Detrital zircons from a sandstone clast (sample Ctg-1) within a conglomerate near the base of the Dongtujinhe Formation show a similar age spectrum (Figs. 7C and 7D) and Hf isotopic signatures as those from the pebbly sandstone sample Ctg-4 (Fig. 10D). The zircon U-Pb age of andesite clast sample Ctg-9 is 316.2 ± 2.4 Ma, corresponding to the age of the Yishijilike Formation volcanic rocks (313 ± 3 Ma; Bai et al., 2015a). Together with the unconformable contact between the Dongtujinhe Formation and Yishijilike Formation, this suggests that detritus in the Dongtujinhe Formation includes materials reworked from the Yishijilike Formation. The presence of a rhyolite clast with an age of 331.5 ± 2.0 Ma suggests that the Dahalajunshan Formation volcanic rocks in the southern Yili–Central Tianshan block also acted as a source for detritus. Neoproterozoic (880–740 Ma) detrital zircons in samples Cdg-1 and Cdg-4 correspond with the ages of metamorphic and magmatic rocks occurring across the Yili–Central Tianshan block (B. Wang et al., 2014a, 2014b; Gao et al., 2015; Z. Huang et al., 2015). Considering that all analyzed Neoproterozoic detrital zircon grains are euhedral/prismatic, with clear oscillatory zoning and high Th/U ratios, they were likely derived from nearby sources. The contact relationship between the Dongtujinhe Formation and Yishijilike Formation is unconformable at Tekesi (Fig. 3), but it is conformable at Nileke (Bai et al., 2015a). The sandstone and volcanic clasts decrease in size and abundance from the Tekesi section toward the Nileke section (Bai et al., 2015a). These data indicate that the detritus in the Dongtujinhe Formation was mainly derived from the southern Yili–Central Tianshan block.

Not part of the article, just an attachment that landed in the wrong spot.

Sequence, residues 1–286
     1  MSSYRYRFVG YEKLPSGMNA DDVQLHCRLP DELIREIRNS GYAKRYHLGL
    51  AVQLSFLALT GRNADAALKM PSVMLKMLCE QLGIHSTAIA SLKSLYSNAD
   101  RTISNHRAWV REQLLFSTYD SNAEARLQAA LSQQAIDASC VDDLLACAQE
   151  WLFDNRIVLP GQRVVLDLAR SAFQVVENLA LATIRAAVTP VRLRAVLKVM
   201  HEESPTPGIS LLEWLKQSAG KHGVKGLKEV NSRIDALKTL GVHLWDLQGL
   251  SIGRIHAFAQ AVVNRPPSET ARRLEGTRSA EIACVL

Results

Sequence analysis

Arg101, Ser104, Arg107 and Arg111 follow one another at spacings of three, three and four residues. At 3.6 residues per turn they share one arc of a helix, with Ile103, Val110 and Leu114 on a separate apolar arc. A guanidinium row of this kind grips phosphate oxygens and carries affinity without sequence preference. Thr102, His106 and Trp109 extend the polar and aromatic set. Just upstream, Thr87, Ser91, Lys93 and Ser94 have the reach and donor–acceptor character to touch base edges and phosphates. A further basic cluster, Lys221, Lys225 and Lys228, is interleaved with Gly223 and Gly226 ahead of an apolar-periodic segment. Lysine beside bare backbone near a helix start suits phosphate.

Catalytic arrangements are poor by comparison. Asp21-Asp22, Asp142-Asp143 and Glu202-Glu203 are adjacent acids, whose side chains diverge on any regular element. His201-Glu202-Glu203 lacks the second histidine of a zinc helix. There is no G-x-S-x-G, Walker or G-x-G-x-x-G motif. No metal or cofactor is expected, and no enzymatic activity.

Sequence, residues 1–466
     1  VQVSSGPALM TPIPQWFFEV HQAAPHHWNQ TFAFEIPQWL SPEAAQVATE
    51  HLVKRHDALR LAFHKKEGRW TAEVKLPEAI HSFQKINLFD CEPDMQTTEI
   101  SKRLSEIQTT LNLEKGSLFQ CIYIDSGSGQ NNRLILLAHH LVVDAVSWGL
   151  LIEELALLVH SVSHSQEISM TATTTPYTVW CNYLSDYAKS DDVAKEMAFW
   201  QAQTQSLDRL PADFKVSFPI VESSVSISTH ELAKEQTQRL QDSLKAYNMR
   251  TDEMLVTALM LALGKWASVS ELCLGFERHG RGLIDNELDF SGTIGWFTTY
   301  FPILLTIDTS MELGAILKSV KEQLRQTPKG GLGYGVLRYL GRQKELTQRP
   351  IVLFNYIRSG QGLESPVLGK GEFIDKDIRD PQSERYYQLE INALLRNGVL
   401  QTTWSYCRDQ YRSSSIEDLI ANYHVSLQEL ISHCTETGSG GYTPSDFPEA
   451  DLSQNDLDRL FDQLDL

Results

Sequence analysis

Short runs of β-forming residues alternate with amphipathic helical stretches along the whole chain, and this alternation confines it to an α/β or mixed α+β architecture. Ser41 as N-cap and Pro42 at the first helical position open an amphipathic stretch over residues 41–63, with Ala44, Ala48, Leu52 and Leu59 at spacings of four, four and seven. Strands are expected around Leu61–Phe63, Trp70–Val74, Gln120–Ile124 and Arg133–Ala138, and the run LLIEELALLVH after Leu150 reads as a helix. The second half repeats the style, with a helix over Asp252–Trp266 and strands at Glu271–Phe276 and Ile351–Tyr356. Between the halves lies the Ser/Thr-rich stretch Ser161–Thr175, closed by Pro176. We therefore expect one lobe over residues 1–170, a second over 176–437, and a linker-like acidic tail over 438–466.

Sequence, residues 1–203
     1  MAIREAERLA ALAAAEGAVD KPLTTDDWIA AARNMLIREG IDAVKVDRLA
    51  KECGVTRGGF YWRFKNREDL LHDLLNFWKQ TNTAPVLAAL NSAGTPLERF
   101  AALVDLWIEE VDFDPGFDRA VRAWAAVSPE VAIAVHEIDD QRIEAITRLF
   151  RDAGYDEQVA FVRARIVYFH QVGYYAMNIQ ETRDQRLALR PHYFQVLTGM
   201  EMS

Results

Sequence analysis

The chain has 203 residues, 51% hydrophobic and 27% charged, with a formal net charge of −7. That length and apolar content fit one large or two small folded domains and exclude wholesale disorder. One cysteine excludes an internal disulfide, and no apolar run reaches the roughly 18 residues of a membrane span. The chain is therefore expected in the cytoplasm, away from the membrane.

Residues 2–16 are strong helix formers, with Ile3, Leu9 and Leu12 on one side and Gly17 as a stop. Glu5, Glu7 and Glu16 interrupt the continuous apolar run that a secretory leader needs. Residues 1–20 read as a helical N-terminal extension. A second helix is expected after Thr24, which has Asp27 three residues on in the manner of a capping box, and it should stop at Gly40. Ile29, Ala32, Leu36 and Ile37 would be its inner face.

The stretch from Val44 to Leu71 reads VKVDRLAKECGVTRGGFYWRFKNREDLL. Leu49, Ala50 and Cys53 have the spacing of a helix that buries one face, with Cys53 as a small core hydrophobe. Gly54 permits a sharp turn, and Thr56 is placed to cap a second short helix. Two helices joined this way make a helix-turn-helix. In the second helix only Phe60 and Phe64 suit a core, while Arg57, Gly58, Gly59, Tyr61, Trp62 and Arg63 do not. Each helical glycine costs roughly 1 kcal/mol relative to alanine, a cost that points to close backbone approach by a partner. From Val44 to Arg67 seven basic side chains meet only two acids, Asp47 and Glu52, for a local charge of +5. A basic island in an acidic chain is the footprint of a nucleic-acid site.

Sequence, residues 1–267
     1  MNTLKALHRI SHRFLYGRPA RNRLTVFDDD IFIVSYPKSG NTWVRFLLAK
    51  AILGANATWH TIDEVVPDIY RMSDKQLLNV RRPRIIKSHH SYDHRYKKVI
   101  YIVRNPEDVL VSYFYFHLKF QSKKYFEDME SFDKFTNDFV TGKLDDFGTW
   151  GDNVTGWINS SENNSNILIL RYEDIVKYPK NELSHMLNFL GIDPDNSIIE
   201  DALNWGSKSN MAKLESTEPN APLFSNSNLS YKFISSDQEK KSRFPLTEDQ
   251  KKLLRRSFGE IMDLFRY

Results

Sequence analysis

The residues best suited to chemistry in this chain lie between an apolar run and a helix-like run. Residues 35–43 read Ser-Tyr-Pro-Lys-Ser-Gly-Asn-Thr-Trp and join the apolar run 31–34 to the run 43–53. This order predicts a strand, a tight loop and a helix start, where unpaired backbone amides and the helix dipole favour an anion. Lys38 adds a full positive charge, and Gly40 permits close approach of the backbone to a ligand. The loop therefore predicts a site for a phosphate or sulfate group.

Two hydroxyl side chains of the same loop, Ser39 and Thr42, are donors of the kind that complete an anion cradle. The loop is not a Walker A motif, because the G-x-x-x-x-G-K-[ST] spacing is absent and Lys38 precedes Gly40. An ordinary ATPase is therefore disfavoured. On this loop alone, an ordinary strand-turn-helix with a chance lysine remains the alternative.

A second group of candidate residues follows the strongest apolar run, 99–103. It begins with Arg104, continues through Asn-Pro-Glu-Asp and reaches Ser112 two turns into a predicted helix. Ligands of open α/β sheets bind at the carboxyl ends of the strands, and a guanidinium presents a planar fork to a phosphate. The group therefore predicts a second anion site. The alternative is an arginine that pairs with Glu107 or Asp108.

Detrital zircons from the pebbly sandstone sample Shg-4 from the Keguqinshan Formation are distinguished from the Dongtujinhe Formation by the presence of abundant early Paleozoic and Precambrian detrital grains (Fig. 7E). Combined with the northwestward paleocurrents, the southern Yili–Central Tianshan block, South Tianshan belt, and Tarim craton are potential source terranes for the Keguqinshan Formation. The detrital zircon age spectrum (Fig. 7E) and magmatic zircon ages from granitic clasts (Figs. 8C, 8D, 8E, and 8F) are consistent with magmatic episodes in the southern Yili–Central Tianshan block (Fig. 11C). Zircons with ages younger than 500 Ma also show similar Hf isotopic signatures as the contemporaneous magmatic zircons in the southern Yili–Central Tianshan block (Figs. 10B and 10D). These signatures indicate that the southern Yili–Central Tianshan block was an important source of detritus. However, the presence of abundant eclogite clasts indicates that the (U)HP metamorphic belt in the northern South Tianshan belt also acted as a source. Furthermore, the age spectrum of detrital zircons from the Keguqinshan Formation at Tekesi shows overall similarities to that from coeval strata in the South Tianshan belt (Han et al., 2016b; see also Figs. 12H and 12M). This supports the interpretation that a positive topographic highland may have been present between the southern Yili–Central Tianshan block and South Tianshan belt and acted as the main source for detritus in the southern Yili Basin.